Displayed statistics include measures of tendency (mean, mode, median) and dispersion (range, standard deviation). In addition, the tool provides frequency-distribution diagrams (histograms and cumulative histograms). The same tool exists for the Wavelet 2-D Denoising tool.


    The statistics displayed in the above figure are related to the displayed image but not to the original one. Usually this information is the same, but in some cases, edge effects may cause the original image to be cropped slightly. To see the exact statistics, use the command line functions to get the desired image and then apply the desired MATLAB statistical function(s).

Importing and Exporting Information from the Wavelet Analyzer App

The Wavelet 2-D graphical tool lets you import information from and export information to disk, if you adhere to the proper file formats.

Saving Information to Disk

You can save synthesized images, coefficients, and decompositions from the Wavelet 2-D tool to disk, where the information can be manipulated and later reimported into the graphical tool.

Saving Synthesized Images.  You can process an image in the Wavelet 2-D tool, and then save the processed image to a MAT-file (with extension mat or other).

For example, load the example analysis:

File > Example Analysis > Indexed Images > at level 3, with sym4 → Detail Durer

and perform a compression on the original image. When you close the Wavelet 2-D Compression window, update the synthesized image by clicking Yes in the dialog box that appears.

Then, from the Wavelet 2-D tool, select the File > Save > Synthesized Image menu option. A dialog box appears allowing you to select a folder and filename for the MAT-file (with extension mat or other). For this example, choose the name symage.

To load the image into your workspace, type

load symage 
X359x3711065512double array
map64x31536double array
valTHR1x18double array
wname1x48char array

The synthesized image is given by X and map contains the colormap. In addition, the parameters of the denoising or compression process are given by the wavelet name (wname) and the global threshold (valTHR).

Saving Discrete Wavelet Transform Coefficients.  The Wavelet 2-D tool lets you save the coefficients of a discrete wavelet transform (DWT) to disk. The toolbox creates a MAT-file in the current folder with a name you choose.

To save the DWT coefficients from the present analysis, use the menu option File > Save > Coefficients.

A dialog box appears that lets you specify a folder and filename for storing the coefficients.

Consider the example analysis:

File > Example Analysis > Indexed Images > at level 3, with sym4 → Detail Durer

After saving the discrete wavelet coefficients to the file cfsdurer.mat, load the variables into your workspace:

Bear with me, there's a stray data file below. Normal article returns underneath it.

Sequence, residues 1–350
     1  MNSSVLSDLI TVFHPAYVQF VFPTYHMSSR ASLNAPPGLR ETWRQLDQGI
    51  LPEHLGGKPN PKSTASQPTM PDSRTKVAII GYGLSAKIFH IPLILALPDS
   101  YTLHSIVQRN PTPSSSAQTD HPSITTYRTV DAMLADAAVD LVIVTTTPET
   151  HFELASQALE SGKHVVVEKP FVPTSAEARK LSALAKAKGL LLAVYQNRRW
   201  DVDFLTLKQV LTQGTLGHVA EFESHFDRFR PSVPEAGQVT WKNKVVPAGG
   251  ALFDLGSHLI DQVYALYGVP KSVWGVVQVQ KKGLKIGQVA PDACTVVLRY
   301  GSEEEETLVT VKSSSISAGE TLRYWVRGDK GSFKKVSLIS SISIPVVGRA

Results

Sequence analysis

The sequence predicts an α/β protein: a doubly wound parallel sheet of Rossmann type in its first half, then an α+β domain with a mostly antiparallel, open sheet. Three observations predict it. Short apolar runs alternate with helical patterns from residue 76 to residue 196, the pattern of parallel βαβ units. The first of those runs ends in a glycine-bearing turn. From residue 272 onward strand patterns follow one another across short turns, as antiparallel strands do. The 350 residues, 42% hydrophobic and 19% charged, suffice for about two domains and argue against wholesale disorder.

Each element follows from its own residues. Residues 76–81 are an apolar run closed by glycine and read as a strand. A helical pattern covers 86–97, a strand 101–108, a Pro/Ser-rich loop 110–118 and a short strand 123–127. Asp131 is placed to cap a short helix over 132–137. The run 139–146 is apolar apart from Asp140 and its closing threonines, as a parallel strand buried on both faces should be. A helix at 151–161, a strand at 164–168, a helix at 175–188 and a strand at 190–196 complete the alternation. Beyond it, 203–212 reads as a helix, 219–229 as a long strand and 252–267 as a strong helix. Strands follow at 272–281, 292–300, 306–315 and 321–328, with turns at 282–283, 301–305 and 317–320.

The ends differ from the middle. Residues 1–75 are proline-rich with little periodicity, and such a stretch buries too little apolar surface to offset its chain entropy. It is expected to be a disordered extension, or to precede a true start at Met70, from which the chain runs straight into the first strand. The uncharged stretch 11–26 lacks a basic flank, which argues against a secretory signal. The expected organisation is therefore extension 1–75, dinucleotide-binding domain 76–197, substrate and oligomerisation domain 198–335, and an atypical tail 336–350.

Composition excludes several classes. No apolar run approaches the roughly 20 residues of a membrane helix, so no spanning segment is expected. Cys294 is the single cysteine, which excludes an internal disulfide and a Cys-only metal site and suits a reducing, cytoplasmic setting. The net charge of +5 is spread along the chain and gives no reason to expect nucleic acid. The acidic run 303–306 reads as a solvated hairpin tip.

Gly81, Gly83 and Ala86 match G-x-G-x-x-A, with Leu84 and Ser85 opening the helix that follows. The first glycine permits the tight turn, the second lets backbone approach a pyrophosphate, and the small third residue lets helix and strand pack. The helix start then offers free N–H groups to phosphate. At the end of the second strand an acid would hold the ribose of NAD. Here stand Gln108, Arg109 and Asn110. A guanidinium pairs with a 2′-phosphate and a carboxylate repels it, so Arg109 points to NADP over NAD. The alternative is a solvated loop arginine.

load cfsdurer
coefs1x1422991138392double array
map64x31536double array
sizes5x280double array
valTHR0x00double array
wname1x48char array

Variable map contains the colormap. Variable wname contains the wavelet name and valTHR is empty since the synthesized image is the same as the original one.

Variables coefs and sizes contain the discrete wavelet coefficients and the associated matrix sizes. More precisely, in the above example, coefs is a 1-by-142299 vector of concatenated coefficients, and sizes gives the length of each component.

Saving Decompositions.  The Wavelet 2-D tool lets you save the entire set of data from a discrete wavelet analysis to disk. The toolbox creates a MAT-file in the current folder with a name you choose, followed by the extension wa2 (wavelet analysis 2-D).

Open the Wavelet 2-D tool and load the example analysis:

File > Example Analysis > Indexed Images > at level 3, with sym4 → Detail Durer.

To save the data from this analysis, use the menu option File > Save > Decomposition.

A dialog box appears that lets you specify a folder and filename for storing the decomposition data. Type the name decdurer.

After saving the decomposition data to the file decdurer.wa2, load the variables into your workspace:

load decdurer.wa2 -mat 
coefs1x1422991138392double array
data_name1x612char array
map64x31536double array
sizes5x280double array
valTHR0x00double array
wave_name1x48char array

Variables coefs and sizes contain the wavelet decomposition structure. Other variables contain the wavelet name, the colormap, and the filename containing the data. Variable valTHR is empty since the synthesized image is the same as the original one.


Save options are also available when performing denoising or compression inside the Wavelet 2-D tool. In the Wavelet 2-D Denoising window, you can save denoised image and decomposition. The same holds true for the Wavelet 2-D Compression window. This way, you can save many different trials from inside the Denoising and Compression windows without going back to the main Wavelet 2-D window during a fine-tuning process. When saving a synthesized signal, a decomposition or coefficients to a MAT-file, the mat file extension is not necessary. You can save approximations individually for each level or save them all at once.